Ques­tion time

As the Mir­ror launches its £500 cash-prize quiz chal­lenge, here’s ev­ery­thing you ever wanted to know and more about puzzles

Daily Mirror (Northern Ireland) - - NEWS -

Palin­dromes – a phrase that reads the same back­wards as for­wards – were first used by the Greeks in the first cen­tury AD. Although Scrab­ble was in­vented in 1938, the first word­search puz­zle did not ap­pear un­til 1968, cre­ated by Nor­man Gi­bat and pub­lished in Ok­la­homa’s Se­lenby Di­gest.

A puz­zle book called Mas­quer­ade sparked a UK craze in 1979, as it con­tained clues in paint­ings and verse that would lead to a hid­den, 18-carat golden hare. More than a mil­lion copies were sold and lawns were dug up around the coun­try. But the hunt ended in scan­dal af­ter the man who even­tu­ally found it was re­vealed to have had con­tact with the author.

In Canada and Aus­tralia, any­one play­ing the lot­tery must do a maths puz­zle first – to class it as a “game of skill”, not gam­bling.

A nine-by-nine Su­doku grid has 6,670,903,752,021,072,936,960 pos­si­ble com­bi­na­tions but only 5,472,730,538 of them re­ally count for dif­fer­ent so­lu­tions.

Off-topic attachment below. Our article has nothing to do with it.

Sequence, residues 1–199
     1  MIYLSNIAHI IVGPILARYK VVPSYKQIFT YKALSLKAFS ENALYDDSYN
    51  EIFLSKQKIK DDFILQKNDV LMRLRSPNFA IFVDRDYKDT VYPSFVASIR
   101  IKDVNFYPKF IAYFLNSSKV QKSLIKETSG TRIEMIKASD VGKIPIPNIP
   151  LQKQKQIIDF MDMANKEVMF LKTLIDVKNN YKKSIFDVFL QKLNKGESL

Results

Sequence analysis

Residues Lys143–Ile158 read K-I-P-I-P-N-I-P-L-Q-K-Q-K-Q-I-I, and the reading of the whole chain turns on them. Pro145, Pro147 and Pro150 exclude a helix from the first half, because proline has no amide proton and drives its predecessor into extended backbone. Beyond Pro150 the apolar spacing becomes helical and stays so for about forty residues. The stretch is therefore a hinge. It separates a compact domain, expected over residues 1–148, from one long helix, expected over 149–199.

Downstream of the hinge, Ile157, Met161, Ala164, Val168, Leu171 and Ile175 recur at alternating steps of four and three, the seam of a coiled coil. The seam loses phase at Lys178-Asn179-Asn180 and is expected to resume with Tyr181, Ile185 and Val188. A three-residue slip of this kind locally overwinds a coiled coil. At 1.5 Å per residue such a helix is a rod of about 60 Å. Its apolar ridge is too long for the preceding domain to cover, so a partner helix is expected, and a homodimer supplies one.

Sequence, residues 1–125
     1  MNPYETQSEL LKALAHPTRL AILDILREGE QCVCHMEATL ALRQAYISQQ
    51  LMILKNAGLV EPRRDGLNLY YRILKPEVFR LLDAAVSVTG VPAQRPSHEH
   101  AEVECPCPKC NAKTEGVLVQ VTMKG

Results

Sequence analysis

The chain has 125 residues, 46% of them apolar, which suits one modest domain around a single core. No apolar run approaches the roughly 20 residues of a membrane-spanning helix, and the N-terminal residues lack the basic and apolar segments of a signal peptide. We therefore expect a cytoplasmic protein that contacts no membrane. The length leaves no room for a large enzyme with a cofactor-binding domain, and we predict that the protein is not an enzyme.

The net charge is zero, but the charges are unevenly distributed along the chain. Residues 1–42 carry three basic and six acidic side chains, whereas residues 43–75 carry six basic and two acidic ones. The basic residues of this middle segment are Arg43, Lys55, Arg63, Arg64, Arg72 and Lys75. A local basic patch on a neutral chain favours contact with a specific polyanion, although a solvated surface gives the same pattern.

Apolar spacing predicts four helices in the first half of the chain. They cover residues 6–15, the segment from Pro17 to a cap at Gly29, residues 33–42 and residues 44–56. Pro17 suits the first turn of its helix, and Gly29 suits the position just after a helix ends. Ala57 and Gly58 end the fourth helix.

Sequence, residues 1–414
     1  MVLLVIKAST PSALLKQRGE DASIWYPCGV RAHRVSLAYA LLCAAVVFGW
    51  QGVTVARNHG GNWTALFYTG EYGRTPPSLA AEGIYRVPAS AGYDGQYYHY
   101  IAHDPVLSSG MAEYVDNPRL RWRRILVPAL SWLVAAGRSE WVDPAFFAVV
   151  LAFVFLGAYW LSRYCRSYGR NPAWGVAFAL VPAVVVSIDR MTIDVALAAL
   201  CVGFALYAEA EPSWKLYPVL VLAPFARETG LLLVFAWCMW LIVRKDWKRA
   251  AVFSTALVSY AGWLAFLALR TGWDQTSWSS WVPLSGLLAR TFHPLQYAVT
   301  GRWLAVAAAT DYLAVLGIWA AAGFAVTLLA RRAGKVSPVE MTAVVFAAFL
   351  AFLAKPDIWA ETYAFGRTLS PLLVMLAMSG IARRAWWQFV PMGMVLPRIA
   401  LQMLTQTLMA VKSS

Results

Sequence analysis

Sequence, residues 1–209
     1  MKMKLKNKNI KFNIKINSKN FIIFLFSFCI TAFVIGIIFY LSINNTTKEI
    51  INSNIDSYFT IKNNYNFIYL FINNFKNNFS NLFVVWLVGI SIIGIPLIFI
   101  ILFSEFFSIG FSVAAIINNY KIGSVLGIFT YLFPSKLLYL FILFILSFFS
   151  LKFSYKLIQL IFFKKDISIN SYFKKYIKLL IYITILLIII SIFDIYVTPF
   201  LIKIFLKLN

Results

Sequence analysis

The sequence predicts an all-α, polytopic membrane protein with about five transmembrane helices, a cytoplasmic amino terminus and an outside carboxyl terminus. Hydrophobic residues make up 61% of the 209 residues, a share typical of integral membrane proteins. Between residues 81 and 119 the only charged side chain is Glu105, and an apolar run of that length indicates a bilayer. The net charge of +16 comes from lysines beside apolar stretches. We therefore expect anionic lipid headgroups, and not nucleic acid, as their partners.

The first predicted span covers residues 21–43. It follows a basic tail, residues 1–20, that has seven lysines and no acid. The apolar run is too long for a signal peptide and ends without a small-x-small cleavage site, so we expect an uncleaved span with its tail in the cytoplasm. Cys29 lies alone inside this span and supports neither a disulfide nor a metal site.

The word “quiz” is thought to have been coined by Irish theatre owner Richard Daly, who in 1791 bet that within 48 hours he could make a nonsense word spo­ken through­out Dublin. He then got his em­ploy­ees to write the “QUIZ” on doors, win­dows and walls, and it be­came the talk of the town.The first pub­lished cross­word puz­zle ap­peared in the Sun­day New York World on De­cem­ber 21, 1913, and was de­vised by Liver­pudlian Arthur Wynne. The puz­zle was an im­me­di­ate suc­cess and be­came a weekly fea­ture, although it re­mained the only paper to run them un­til 1924. In 2011, peo­ple play­ing Foldit, an on­line puz­zle game about pro­tein fold­ing, re­solved the struc­ture of an en­zyme caus­ing an Aids-like dis­ease in mon­keys. Re­searchers had been work­ing on the prob­lem for 13 years but the gamers solved it in three weeks. Scrab­ble has be­come a fave

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